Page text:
What is the main inspiration for your songs?

My life. My songs are all very personal and autobiographical. I write about things that happened to me, about things I know. Of my weaknesses. In fact, every time I feel weak, I try to write something that makes me feel stronger. Obviously, given that what I describe are situations and feelings that we all feel, I hope that others can recognise many of these same emotions.

Why is fashion so important to you?

I love fashion and dressing up. It’s always so much fun and I believe fashion, as well as many other things, is an outlet for me to express myself. I love mixing and matching different things and trying to find a few statement pieces that work.

Dua Lipa in Saint Laurent at the BRIT Awards 2019

How has your father’s career as a musician shaped your own approach to the music industry?

My father has always given me good advice. He taught me to have very clear goals and not become distracted from pursuing your dream. He told me not to worry about having a Plan B because that can be a distraction and make you lose sight of what you really want to achieve. If you’re not thinking about a back-up plan, then you’re forced to concentrate on your true goal. I don’t know if that works for everyone, but it’s certainly worked for me.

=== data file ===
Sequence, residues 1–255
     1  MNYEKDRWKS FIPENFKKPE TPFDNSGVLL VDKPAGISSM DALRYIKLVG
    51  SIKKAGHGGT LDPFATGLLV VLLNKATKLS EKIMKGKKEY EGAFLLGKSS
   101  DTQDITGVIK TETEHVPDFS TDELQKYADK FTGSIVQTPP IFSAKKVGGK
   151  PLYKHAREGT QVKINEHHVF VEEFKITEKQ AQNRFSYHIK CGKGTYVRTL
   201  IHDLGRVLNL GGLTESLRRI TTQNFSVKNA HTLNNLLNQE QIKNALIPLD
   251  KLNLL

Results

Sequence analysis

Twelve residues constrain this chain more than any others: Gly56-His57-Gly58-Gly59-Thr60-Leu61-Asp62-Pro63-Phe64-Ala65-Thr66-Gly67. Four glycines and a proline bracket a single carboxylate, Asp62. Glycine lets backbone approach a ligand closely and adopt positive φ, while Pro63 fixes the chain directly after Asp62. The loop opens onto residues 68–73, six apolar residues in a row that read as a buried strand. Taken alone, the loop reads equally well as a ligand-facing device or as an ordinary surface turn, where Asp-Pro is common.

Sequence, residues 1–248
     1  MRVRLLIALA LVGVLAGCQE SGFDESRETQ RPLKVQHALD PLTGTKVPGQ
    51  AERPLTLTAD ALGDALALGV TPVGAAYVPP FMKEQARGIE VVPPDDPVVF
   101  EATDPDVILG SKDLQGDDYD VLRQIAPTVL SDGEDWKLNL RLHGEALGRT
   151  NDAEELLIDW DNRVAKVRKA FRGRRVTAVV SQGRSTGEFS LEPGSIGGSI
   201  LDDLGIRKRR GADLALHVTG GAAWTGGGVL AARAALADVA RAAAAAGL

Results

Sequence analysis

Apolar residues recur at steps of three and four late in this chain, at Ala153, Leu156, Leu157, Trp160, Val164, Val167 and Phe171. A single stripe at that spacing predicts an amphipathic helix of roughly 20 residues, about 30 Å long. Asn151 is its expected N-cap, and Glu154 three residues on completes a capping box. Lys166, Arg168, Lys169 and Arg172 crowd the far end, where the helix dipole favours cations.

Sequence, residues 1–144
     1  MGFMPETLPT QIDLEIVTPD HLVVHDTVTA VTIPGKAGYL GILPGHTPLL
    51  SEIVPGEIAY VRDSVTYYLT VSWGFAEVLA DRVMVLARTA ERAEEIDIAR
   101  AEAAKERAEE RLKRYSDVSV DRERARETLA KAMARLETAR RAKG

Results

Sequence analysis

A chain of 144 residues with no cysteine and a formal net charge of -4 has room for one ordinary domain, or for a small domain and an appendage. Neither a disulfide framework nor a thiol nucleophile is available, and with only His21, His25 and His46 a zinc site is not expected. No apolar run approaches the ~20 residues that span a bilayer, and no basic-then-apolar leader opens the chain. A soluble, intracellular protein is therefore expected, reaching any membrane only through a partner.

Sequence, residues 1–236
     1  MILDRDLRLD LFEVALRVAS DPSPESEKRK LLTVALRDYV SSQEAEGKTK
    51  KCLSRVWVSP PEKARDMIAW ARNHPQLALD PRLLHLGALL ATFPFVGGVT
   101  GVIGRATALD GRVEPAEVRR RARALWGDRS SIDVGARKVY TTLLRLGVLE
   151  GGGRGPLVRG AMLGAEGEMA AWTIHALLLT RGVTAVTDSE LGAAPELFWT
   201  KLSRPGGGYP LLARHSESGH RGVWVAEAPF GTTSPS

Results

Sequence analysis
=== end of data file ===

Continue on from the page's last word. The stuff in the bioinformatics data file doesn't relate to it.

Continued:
Did your father encourage you to be a musician?

Seeing him perform on stage with his band made me realise that music was what I wanted to do with my life. He was always encouraging me. One of the greatest gifts he gave me was the advice that you need to work very hard if you want to bring yourself luck. That phrase has always resonated with me. You have to earn your luck. I believe that if you’re going to succeed you need to be very determined, don’t let yourself get discouraged, and above all, never give up. Both my parents are very supportive. They also reminded me to never lose sight of who I am simply to please other people.

Dua Lipa at the Clive Davis Grammy party 2019

What music did you listen to when you were growing up?